Everglades National Park | SNAKE BIGHT TRAIL

Snake Bight Trail Map

Snake Bight Trail Map

See the Hiking web page for an interactive location map.

NOTE: While the National Park Service no longer maintains the Snake Bight Trail due to the presence of Cape Sable Thoroughwort, an endangered plant species, it is quite wide and thus manages to avoid becoming overgrown. As one of the few navigable trails left in the Everglades, it is quite popular.


Length: 1.9 miles, one way
Time: 20 minutes by bike, 1 hour on foot
Difficulty: Easy

The Snake Bight Trail in Everglades National Park is a 1.9-mile out-and-back trail that leads to Snake Bight. A bight is not a “bite,” but a small curvature in a geologic feature. In this case the curvature is to the shoreline, and the result is a small, shallow bay called Snake Bight. The trail is as straight as an arrow and runs between Main Park Road and a boardwalk that overlooks the water. It is open to both hikers and bikers (off-road bikes required, as road bikes won’t make it). Park along Main Park Road to access the trailhead. I road my bike to save time.

Snake Bight Trail parking area on Main Park Road

Snake Bight Trail parking area on Main Park Road

No matter what time of year, mosquitoes flourish in the Flamingo area of Everglades National Park. Here on the Snake Bight Trail they are thick even in late February, which I assume makes the trail unbearable during the summer months. I advise long pants, long sleeve jacket (jean jacket will do), hat with mosquito net, and thin gloves. You can apply all the insect repellent you want, but it is not going to keep the mosquitoes off of you. Clothing is the only real protection. You may be sweating and look like a goof in a Hazmat suit, but you will never pass another hiker on this trail who doesn’t comment on how he wished he had the same get-up.

Snake Bight Trail starts off as an old road. The terrain is wide and pleasurable to travel on, so I doubt the lack of maintenance by the National Park Service will have much affect on this section. The road was elevated out of the water by digging earth from either side of the road bed and piling it in the middle to form the road. The “borrow ditches,” so called because the dirt was “borrowed,” are located along the side of the road. These tend to fill with water, making them favorites of alligators during the dry season. However, this is not Shark Valley or Royal Palm where the animals are so used to people that they won’t budge unless you jump on them. Alligators along the less traveled trails tend to take off as soon as they hear anything coming, so you are more likely to hear large splashes as they jump into the water than actually see one.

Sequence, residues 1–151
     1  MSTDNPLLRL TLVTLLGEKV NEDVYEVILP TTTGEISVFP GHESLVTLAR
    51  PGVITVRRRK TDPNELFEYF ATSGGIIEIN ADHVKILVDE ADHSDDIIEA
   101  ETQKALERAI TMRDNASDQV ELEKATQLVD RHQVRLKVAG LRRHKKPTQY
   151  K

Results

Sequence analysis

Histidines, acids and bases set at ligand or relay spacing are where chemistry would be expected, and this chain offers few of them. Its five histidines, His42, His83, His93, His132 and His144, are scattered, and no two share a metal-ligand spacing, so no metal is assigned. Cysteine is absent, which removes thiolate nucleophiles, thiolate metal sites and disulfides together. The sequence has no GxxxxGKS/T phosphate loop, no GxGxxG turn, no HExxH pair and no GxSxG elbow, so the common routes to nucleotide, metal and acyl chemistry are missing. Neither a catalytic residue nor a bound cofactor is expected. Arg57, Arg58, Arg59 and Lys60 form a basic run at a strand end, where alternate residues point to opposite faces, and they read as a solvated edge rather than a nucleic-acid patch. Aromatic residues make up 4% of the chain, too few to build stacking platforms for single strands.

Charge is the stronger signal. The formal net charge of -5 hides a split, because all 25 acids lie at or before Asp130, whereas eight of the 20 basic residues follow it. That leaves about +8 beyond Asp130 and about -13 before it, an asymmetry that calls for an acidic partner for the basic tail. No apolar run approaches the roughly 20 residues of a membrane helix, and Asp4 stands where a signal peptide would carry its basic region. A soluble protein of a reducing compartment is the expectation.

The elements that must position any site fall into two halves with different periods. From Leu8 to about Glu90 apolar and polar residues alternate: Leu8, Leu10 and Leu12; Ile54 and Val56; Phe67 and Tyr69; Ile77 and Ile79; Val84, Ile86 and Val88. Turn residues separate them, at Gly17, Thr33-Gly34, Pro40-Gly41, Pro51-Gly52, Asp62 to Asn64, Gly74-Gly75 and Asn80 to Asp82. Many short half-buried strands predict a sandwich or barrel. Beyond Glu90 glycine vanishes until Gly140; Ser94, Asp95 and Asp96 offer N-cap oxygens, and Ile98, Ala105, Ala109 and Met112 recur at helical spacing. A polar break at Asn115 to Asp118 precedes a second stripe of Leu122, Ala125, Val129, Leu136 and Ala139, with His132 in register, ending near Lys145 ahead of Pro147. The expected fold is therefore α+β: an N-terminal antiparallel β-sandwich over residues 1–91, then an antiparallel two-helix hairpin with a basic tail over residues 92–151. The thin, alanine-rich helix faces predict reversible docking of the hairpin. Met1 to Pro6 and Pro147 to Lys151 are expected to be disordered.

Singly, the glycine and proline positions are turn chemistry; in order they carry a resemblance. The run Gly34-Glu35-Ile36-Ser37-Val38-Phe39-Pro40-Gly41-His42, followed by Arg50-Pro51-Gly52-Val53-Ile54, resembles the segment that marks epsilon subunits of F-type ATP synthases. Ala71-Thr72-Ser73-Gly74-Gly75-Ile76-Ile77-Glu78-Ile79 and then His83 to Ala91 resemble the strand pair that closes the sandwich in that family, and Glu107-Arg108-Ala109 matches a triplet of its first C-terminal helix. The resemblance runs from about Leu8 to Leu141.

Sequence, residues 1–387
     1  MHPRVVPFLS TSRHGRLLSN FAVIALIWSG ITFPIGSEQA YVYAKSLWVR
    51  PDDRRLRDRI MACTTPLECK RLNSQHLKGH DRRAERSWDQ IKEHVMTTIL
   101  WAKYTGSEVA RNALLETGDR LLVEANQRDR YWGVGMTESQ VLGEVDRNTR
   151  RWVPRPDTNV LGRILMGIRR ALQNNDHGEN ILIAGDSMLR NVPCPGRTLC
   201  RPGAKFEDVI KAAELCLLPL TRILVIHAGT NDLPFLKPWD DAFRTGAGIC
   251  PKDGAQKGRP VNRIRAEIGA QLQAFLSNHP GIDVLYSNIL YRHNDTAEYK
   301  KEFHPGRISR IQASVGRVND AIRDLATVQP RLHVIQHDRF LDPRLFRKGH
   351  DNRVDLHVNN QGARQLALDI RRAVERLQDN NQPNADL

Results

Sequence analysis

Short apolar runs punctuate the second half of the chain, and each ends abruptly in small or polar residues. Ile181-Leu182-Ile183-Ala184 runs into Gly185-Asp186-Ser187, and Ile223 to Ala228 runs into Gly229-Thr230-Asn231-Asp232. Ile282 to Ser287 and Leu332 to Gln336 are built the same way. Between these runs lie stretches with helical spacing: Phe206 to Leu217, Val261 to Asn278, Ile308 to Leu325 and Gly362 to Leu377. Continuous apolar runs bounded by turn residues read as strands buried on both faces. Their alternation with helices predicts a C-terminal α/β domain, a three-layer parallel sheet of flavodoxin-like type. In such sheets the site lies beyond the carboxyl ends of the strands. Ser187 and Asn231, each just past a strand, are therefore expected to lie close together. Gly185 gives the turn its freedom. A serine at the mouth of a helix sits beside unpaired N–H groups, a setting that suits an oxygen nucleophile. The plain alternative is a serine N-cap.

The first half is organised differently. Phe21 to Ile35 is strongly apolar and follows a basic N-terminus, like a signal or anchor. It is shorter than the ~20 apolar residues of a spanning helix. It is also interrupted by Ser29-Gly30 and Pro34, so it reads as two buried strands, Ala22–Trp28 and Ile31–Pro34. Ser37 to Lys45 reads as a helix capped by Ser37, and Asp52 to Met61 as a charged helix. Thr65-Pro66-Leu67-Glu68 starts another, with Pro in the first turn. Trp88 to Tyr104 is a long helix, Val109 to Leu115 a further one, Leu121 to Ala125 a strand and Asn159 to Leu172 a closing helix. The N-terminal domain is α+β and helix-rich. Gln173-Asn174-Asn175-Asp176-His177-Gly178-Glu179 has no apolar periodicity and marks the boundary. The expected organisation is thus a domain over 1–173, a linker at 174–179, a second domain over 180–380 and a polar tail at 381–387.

Typical terrain on the road segment of the Snake Bight Trail

Typical terrain on the road segment of the Snake Bight Trail

Borrow pit

Borrow pit

About .4 mile from the end, Snake Bight intersects with the Rowdy Bend Trail. For those who don’t want to see the same things twice on an out-and-back hike, you can form an 8-mile loop using the two trails and the park road. This is what I did back in 2015, but from what a park Ranger told me in January 2021, the Rowdy Bend Trail is now too overgrown to navigate pleasurably. It was pretty overgrown back in 2015, so I believe it. Keep in mind that if you do the loop, you have a 2.75-mile hike or bike ride back to your vehicle along Main Park Road. I’m no fan of riding on a road, but I certainly didn’t want to retrace my steps along these two trails, so there’s not much choice. Though there is no shoulder on the road, the closer you get to Flamingo, the less traffic, and the cars seem to be going much slower than they are up near Royal Palm. See the Rowdy Bend Trail review page for more information.

Starting at the Rowdy Bend Trail intersection, the Snake Bight Trail narrows. If any section of the trail were to become overgrown due to a lack of maintenance, this would be it. However, as of January 2021, plenty of people are hiking the trail, and traffic tends to keep the path open.

Typical terrain south of the Rowdy Bend Trail intersection

Typical terrain south of the Rowdy Bend Trail intersection

At the end of the Snake Bight Trail is a boardwalk that leads to an overlook of Snake Bight. You cannot ride your bike on the boardwalk, so park and walk the rest of the way. Snake Bight is a good place to see shore birds. The area is affected by tides, and at low tide a lot of mud is left in the bight and the birds wade through the muck in search of fish, crabs, snails, and other tasty snacks.

End of the Snake Bight Trail

End of the Snake Bight Trail

Boardwalk to the overlook of Snake Bight

Boardwalk to the overlook of Snake Bight

Snake Bight area at low tide

Snake Bight area at low tide

Snake Bight area at low tide

Snake Bight area at low tide

Once done, head back the way you came. It’s nearly a 4-mile round trip, and in truth, if you’re hiking, it isn’t worth the time. That’s nearly two hours to walk down a road all for a look at Snake Bight. If you have a bike, that’s another story, as you can complete the trip in less than an hour. I suggest doing the Snake Bight Trail only if you have a bike, or simply want 4 miles’ worth of exercise on foot. 

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Last updated on February 25, 2021
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